Home Canadian Army Defending Canada’s Skies With a Fear of Heights

Defending Canada’s Skies With a Fear of Heights

Scott Maclagan holding his book ‘Cold War Over Canada’ (Courtesy of Scott Maclagan)

Veteran recalls his experience as a navigator during the Cold War in new book

In August 1955, Scott Maclagan received a call inviting him to attend the officer selection course in London, Ont. making him one of 30 to successfully complete the 250-cadet course, marking the beginning of his military career.

Maclagan’s path to the military began with a childhood fascination with aviation. Growing up in Toronto, he was exposed to aviation through newsreels, wartime events and interactions with neighbors who served as Spitfire pilots during World War II. This interest eventually led him to enlist in the Canadian Armed Forces.

“I had a keen interest in aviation flying during my childhood. My father would take me to Barker field on Dufferin Street and there would be private planes flying there,” Maclagan said. “And then he had friends that worked in Downsview.”

Throughout his time in the military, Maclagan faced numerous challenges, including the loss of colleagues and friends. The inherent risks of military service, from high-altitude flights to hazardous emergency landings, made each mission a potentially life-threatening experience. Scott described the trauma of witnessing accidents and losing fellow servicemen, emphasizing the sacrifices made in the line of duty.

Flying Officer Macglagan in November 1956 (Courtesy of Scott Maclagan)

“[The most challenging part of my training] was seeing your friends die in front of your eyes… I saw more death during my training in Winnipeg,” Maclagan said. “I had a fear of heights back then. It was facing the unknown every time you went up. You didn’t know what was going to happen. Our poor wives didn’t know whether we’d be home that night, that week, that month or you know… ever.”

On May 18, 1956, Maclagan recalls waiting for the long weekend when four C-45 jet aircrafts came into land in Winnipeg. Suddenly, a fifth aircraft appeared 300 yards in front of Maclagan, sitting in the co-pilot’s seat.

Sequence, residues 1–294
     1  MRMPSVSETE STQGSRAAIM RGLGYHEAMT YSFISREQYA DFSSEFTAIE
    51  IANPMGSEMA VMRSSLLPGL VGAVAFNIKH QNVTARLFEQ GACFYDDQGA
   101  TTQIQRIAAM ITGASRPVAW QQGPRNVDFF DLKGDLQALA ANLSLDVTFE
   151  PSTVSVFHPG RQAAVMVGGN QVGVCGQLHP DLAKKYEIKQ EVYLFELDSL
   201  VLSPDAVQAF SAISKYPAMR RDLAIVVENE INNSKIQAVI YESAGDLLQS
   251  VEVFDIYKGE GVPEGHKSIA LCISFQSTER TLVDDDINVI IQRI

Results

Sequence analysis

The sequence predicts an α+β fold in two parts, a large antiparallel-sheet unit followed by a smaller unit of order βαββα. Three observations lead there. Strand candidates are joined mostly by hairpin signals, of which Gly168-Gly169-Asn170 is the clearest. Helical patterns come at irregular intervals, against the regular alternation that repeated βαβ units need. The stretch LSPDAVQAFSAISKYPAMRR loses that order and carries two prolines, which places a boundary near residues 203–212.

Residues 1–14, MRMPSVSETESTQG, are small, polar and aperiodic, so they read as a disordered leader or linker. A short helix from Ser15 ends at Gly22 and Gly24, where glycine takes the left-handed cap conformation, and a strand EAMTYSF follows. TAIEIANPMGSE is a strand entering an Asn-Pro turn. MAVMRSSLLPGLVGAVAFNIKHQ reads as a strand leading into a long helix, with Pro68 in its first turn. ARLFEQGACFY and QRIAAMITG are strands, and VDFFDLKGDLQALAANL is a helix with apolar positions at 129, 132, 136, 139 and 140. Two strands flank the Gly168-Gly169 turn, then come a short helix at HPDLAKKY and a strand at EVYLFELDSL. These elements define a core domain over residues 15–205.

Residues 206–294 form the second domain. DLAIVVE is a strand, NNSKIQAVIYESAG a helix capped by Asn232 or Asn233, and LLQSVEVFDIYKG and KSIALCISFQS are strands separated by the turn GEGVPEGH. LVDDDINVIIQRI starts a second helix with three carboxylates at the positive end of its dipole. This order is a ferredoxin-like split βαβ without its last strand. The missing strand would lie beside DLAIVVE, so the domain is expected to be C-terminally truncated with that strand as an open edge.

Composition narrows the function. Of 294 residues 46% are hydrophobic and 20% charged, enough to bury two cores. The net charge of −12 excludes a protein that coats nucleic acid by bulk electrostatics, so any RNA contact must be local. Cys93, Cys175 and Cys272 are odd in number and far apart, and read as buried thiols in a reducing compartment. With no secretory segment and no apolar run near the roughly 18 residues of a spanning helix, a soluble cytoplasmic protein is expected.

“They went down right in front of our eyes and 10 people were killed,” he said.

According to Maclagan, death was an unfortunate, but common part of flying aircrafts, with even the most routine protocols and well-maintained aircrafts being subject to malfunction.

However, the risk of flying was celebrated as it often resulted in saving lives. Maclagan recalls a time in which he helped an American Boeing KC-97 arial tanker which lost electric power and radio in a thunderstorm overtop Northern Ontario.

“By hand signal we found out their problem and then guided them to an emergency landing in Michigan,” Maclagan said.

Maclagan at the Wings parade on 26 Oct, 1956 (Courtesy of Scott Maclagan)

One morning in North Bay, as the first alert crew on duty that day, Maclagan and his team were told that there was a civilian aircraft in distress over Val d’or, Quebec. A man and woman were in the aircraft with the pilot operating the aircraft having only had 35 hours of flight time.

“We guided them into an emergency landing on an emergency strip, really,” Macalgan said. “It was a runway in the middle of nowhere in Quebec! At that time, we were down 500 pounds of fuel and the only option for us was to land there ourselves or bail out. [My pilot] Dave [Strachan] decided to land, so we did.”

When Maclagan’s military career came to an end in 1962, he faced the transition to civilian life. He adapted to various jobs, including roles in the tax department and the insurance industry. He noted that the military’s training provided a strong foundation, enabling him to excel in the private sector.

Maclagan’s experience highlights the importance of recognizing the valuable skills and discipline acquired during military service. However, he also touched upon the challenge of adapting to the politics of the private sector, a shift many veterans face.

Maclagan just before his enrolment in the RCAF on 2 Sep, 1955 (Courtesy of Scott Maclagan)

“My pilot [Dave Strachan] became very embittered, as told by his children to me,” Maclagan said. “They explained what he had gone through after we broke up as a flying partnership and the lack of recognition for what he’d done in saving three other aircraft. It just really ate at him.”

Maclagan emphasized the need for better communication between the military and civilian employers. This communication could help employers recognize the skills veterans bring to the workforce and improve their transition process.

“It was a shared experience at the squadron because we all were facing the same thing,” Maclagan said. “We worked hard it was a very tense and difficult life that you had to adapt to.”

Remembrance Day holds immense significance to Maclagan, due to the many friends and colleagues he lost during his service. The day serves as a crucial reminder of the sacrifices made by the military, honoring those who lost their lives and those who continue to serve their country.

Maclagan expressed his desire that the public strive to be appreciative and understanding of the sacrifices made by military personnel. Veterans have served their country with dedication and have often faced physical and emotional challenges. Recognizing these sacrifices is essential to fostering a deeper appreciation of the CAF.

To read more about Maclagan’s experiences defending Canada’s air space from potential Soviet attacks during the Cold War, click here to access his new book titled ‘Cold War Over Canada’.

By: Caleb Hooper